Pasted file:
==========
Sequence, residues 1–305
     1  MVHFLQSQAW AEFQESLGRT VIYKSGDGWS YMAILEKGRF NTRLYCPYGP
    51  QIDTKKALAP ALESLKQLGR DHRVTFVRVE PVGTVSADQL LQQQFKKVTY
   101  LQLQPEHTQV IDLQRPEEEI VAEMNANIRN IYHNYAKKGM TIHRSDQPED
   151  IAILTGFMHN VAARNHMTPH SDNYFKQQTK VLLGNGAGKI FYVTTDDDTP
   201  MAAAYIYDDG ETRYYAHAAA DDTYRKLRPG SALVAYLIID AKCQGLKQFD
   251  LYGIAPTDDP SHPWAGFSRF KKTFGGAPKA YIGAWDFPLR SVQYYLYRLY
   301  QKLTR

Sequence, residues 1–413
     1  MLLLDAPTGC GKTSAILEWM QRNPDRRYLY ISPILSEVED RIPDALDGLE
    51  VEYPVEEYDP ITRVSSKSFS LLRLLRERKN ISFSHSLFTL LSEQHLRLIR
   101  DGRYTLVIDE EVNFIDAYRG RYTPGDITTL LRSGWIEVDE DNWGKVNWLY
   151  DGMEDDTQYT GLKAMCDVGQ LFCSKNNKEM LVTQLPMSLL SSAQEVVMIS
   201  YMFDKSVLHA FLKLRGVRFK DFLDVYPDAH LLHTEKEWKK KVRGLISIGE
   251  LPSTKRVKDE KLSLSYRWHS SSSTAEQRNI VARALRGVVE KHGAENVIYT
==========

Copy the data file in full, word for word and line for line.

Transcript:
Sequence, residues 1–305
     1  MVHFLQSQAW AEFQESLGRT VIYKSGDGWS YMAILEKGRF NTRLYCPYGP
    51  QIDTKKALAP ALESLKQLGR DHRVTFVRVE PVGTVSADQL LQQQFKKVTY
   101  LQLQPEHTQV IDLQRPEEEI VAEMNANIRN IYHNYAKKGM TIHRSDQPED
   151  IAILTGFMHN VAARNHMTPH SDNYFKQQTK VLLGNGAGKI FYVTTDDDTP
   201  MAAAYIYDDG ETRYYAHAAA DDTYRKLRPG SALVAYLIID AKCQGLKQFD
   251  LYGIAPTDDP SHPWAGFSRF KKTFGGAPKA YIGAWDFPLR SVQYYLYRLY
   301  QKLTR

Sequence, residues 1–413
     1  MLLLDAPTGC GKTSAILEWM QRNPDRRYLY ISPILSEVED RIPDALDGLE
    51  VEYPVEEYDP ITRVSSKSFS LLRLLRERKN ISFSHSLFTL LSEQHLRLIR
   101  DGRYTLVIDE EVNFIDAYRG RYTPGDITTL LRSGWIEVDE DNWGKVNWLY
   151  DGMEDDTQYT GLKAMCDVGQ LFCSKNNKEM LVTQLPMSLL SSAQEVVMIS
   201  YMFDKSVLHA FLKLRGVRFK DFLDVYPDAH LLHTEKEWKK KVRGLISIGE
   251  LPSTKRVKDE KLSLSYRWHS SSSTAEQRNI VARALRGVVE KHGAENVIYT